Using the reference images, the neural painter generates stylized oil painting strokes on an empty canvas. The resulting painting becomes the base canvas for the next iteration of the neural painting, and this process is repeated until all the reference images have been painted.
Data Processing and Reference Image Generation
We built a data processing program on p5.js, providing interactive map retriving and data labeling experience in the browser, shown in Figure 3. On the left side of the system is the map for labeling, while on the right side are control buttons and a display area for showing the current labeling status and line information to the user.
In the labeling process, the user clicks on a subway station on the map, and the program temporarily stores the station's coordinate information. The user can switch between the current annotated lines forwards or backwards until all lines have been annotated. After completing the labeling, the user can visualize the annotated data on the map and export it as a JSON file of the city's subway lines data.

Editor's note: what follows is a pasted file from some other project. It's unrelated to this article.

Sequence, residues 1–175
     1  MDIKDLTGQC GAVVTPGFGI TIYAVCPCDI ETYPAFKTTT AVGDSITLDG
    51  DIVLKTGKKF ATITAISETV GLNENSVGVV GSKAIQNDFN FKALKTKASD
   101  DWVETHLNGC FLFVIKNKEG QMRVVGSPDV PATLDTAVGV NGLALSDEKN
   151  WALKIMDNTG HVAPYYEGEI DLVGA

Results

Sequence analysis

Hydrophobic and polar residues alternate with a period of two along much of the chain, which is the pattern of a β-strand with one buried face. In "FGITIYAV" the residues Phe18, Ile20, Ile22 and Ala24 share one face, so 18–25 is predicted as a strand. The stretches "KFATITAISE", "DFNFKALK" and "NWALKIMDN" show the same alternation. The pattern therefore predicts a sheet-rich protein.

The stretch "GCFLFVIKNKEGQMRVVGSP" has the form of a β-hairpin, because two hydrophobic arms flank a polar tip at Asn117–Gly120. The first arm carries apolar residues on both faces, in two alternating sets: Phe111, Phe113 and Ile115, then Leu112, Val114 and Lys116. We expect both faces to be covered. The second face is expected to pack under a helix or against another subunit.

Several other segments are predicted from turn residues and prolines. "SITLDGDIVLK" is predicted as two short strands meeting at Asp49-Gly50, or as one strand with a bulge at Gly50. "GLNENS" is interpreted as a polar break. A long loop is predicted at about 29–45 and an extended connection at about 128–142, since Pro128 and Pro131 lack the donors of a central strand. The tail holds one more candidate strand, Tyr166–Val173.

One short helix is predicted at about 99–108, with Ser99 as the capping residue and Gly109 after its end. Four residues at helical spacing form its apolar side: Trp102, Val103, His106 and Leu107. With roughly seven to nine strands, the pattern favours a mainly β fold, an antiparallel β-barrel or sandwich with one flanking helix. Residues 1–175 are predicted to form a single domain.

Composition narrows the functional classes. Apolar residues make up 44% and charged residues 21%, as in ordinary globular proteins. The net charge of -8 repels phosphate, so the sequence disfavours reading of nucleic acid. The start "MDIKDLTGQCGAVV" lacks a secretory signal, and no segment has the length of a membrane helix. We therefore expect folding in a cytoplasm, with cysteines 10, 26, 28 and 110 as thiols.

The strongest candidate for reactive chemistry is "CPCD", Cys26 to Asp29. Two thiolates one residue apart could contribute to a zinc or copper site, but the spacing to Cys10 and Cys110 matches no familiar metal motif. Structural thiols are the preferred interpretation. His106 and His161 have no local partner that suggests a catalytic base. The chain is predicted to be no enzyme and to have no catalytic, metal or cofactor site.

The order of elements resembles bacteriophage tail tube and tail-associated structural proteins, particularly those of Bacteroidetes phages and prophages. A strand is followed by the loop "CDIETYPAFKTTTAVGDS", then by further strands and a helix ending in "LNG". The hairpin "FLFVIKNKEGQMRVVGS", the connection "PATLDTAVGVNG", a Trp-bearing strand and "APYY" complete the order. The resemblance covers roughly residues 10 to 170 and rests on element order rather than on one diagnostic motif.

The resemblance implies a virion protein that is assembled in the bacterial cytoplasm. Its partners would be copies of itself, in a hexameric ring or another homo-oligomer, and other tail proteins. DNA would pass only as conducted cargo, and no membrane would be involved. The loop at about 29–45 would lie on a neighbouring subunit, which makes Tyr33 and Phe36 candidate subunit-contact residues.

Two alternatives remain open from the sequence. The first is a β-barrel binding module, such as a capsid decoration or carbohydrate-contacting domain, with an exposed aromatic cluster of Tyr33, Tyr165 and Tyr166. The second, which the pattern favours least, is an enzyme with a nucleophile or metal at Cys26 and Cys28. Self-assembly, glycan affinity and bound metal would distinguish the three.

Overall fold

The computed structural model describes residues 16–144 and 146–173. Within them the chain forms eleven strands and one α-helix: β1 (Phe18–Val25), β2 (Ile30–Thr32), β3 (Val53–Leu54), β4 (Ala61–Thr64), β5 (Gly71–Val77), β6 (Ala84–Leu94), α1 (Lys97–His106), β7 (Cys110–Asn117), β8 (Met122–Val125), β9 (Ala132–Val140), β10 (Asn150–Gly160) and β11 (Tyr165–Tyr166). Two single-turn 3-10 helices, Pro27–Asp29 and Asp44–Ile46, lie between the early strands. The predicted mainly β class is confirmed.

Metro lines and station data are classified by city, and their data structure is shown in Figure 4. For each metro line in each city, it includes the name, representative color, start of operation time, operating interval, and the coordinates of each station on the route.
Specifically, many lines are opened in segments during theconstruction of the city, so in the dataset, multiple records with the same name of the line at different time points may appear. The operating interval of each record is generally continuous, which reflects the temporal and progressive characteristics of urban development.